Realpolitik: EU will have to talk to the Taliban, Borrell says

EU foreign policy chief Josep Borrell gives a press conference after a meeting of the EU foreign ministers, at the European Council in Brussels, Belgium. [EPA-EFE/STEPHANIE LECOCQ]

The EU will have to engage in talks with the Taliban to provide support to the Afghan people even if it does not recognise them as legitimate rulers of the country, EU’s chief diplomat Josep Borrell said on Tuesday (17 August).

“The Taliban have won the war, so we will have to talk with them,” Borrell told reporters after a crisis meeting of EU foreign ministers, although stressing this would not mean moving quickly to officially recognise their rule.

He said that there is agreement that the EU side would “engage in a dialogue, as soon as necessary, to prevent a humanitarian and potential migratory disaster.”

“This dialogue will also have to focus on the means to prevent the return of a foreign terrorist presence in Afghanistan,” he added.

Until a few days ago the EU foreign affairs chief was encouraging the government in Kabul to work with the Taliban, but as anybody else he must have been surprised how fast the authorities surrendered to the Islamist movement which now rules the country. Borrell had warned that the Taliban would face non-recognition, isolation, lack of international support and the prospect of continued conflict and instability in Afghanistan if they take power by force and re-establish an Islamic Emirate. However, the Taliban took over without meeting resistance.

EU foreign policy chief urges Afghan government to work with Taliban

The Afghan government should engage with the Taliban to reach an inclusive settlement, EU foreign policy chief Josep Borrell said on Thursday (12 August) as the militant group made rapid gains amid spiralling violence and worries of a refugee crisis.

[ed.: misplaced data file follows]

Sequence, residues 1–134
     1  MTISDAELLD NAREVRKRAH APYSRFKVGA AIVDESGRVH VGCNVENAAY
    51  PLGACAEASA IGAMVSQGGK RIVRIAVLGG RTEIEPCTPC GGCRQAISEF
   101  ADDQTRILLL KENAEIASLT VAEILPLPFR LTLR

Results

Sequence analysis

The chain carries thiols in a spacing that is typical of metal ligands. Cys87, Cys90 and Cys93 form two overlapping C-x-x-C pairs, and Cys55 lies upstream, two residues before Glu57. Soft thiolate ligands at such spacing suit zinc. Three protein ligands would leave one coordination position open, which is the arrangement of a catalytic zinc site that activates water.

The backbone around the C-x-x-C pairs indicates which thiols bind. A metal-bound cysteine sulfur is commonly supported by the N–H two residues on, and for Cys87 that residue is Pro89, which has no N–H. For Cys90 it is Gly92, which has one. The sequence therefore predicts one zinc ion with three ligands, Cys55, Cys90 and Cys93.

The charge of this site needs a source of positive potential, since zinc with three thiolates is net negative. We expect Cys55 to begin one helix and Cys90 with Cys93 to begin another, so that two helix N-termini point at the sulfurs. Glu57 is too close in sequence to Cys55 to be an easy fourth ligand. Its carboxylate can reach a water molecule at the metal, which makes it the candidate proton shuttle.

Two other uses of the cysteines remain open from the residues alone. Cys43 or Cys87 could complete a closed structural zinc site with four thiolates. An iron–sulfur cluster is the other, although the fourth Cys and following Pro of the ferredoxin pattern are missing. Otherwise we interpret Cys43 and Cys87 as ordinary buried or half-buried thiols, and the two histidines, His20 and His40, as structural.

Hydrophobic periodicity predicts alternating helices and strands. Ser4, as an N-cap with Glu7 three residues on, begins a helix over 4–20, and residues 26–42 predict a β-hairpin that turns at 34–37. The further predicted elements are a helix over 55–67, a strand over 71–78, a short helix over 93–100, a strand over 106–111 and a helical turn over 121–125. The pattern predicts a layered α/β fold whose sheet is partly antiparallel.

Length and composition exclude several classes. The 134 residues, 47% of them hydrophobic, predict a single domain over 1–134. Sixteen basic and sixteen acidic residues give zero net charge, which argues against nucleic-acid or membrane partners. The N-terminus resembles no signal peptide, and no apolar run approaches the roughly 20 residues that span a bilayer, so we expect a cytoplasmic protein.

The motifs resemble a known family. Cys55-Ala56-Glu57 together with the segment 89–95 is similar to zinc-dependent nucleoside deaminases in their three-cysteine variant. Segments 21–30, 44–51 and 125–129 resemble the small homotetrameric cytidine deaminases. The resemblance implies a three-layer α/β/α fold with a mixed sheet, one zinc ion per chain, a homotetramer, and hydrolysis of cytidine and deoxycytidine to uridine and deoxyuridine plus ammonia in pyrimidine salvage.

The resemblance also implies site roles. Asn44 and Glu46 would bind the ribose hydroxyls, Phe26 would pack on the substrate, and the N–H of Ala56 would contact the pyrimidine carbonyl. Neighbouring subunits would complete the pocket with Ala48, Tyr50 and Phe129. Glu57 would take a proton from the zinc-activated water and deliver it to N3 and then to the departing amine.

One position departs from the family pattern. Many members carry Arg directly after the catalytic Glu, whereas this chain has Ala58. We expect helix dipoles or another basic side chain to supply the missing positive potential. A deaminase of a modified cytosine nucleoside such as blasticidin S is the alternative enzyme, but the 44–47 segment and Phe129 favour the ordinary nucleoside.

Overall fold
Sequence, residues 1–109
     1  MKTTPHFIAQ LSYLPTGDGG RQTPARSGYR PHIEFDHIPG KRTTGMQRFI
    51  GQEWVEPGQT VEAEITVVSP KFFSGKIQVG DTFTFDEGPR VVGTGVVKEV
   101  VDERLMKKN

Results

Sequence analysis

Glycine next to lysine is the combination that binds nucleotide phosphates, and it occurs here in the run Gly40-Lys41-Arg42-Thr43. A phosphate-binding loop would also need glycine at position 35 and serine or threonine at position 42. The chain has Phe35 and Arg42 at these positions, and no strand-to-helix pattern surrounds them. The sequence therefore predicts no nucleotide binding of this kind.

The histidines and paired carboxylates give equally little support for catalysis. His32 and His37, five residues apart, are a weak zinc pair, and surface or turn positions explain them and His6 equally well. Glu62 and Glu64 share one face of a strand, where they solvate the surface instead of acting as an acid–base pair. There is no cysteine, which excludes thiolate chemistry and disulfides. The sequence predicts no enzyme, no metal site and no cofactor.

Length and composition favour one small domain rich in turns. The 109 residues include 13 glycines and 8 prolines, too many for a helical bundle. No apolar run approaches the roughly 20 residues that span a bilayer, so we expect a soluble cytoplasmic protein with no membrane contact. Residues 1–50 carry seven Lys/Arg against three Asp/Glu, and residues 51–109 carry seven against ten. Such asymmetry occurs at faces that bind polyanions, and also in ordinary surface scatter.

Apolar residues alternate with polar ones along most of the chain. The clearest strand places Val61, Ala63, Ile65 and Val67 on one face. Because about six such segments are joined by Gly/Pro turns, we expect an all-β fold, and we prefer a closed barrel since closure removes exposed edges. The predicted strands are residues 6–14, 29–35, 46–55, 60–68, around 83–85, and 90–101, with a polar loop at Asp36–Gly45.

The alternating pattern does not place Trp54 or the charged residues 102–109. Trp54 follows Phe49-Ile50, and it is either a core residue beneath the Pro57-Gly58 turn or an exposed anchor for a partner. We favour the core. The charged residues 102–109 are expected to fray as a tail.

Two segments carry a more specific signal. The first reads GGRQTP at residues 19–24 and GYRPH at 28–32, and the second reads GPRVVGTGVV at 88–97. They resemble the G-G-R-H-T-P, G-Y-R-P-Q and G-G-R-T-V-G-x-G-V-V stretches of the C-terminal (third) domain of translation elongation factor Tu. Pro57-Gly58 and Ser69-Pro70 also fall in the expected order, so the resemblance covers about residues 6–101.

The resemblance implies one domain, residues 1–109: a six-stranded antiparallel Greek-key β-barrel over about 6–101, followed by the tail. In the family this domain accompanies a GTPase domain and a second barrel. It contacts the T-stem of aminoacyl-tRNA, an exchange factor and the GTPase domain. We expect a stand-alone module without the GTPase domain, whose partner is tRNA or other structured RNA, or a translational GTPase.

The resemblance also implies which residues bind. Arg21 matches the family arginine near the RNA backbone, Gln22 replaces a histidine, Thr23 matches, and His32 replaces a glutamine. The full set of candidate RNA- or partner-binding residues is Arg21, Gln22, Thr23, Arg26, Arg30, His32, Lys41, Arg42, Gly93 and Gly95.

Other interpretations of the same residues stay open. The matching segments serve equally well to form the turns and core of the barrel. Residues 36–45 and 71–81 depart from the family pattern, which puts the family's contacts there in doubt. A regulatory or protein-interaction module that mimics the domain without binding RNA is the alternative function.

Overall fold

US President Joe Biden had said in televised remarks earlier on Monday he stood “squarely behind” his decision to withdraw US troops from Afghanistan, stressing that America’s mission in Afghanistan was never about nation-building, and its only national interest there was to prevent a terrorist attack on the homeland.

In what could be rated as a reply to those comments, Borrell on Tuesday said that while the fight against Al-Qaeda in Afghanistan succeeded, the process of state-building failed despite the enormous amount of resources directed to the country.

In the meantime, the Taliban, who were driven from power two decades ago by a US-led coalition only to make a stunning comeback, have promised to pardon Afghans they consider foes for having worked with the West.

Softer version?

Striking a doveish tone in his first news conference on Tuesday, Taliban spokesman Zabihullah Mujahid, surprisingly announced they would allow Afghan women to work and study “within the limits of Islamic law” and assured media workers would be able to conduct their jobs freely as long as they would “not work against national values.”

Taliban pledge peace and women's rights under Islam as they strike conciliatory tone

The Taliban said they wanted peaceful relations with other countries and would respect the rights of women within the framework of Islamic law, as they held their first official news briefing since their lightning seizure of Kabul.

EU leaders and the international community, however, have remained sceptical and over the past days voiced concern that the Taliban’s brutal reputation and imposition of Islamist rule could hurt women’s rights and trigger a new wave of migration towards Europe.

Asked about whether the so-far moderate tone of the Taliban would indicate a change in strategy, Borrell quipped that to him “they look the same, but speak better English”.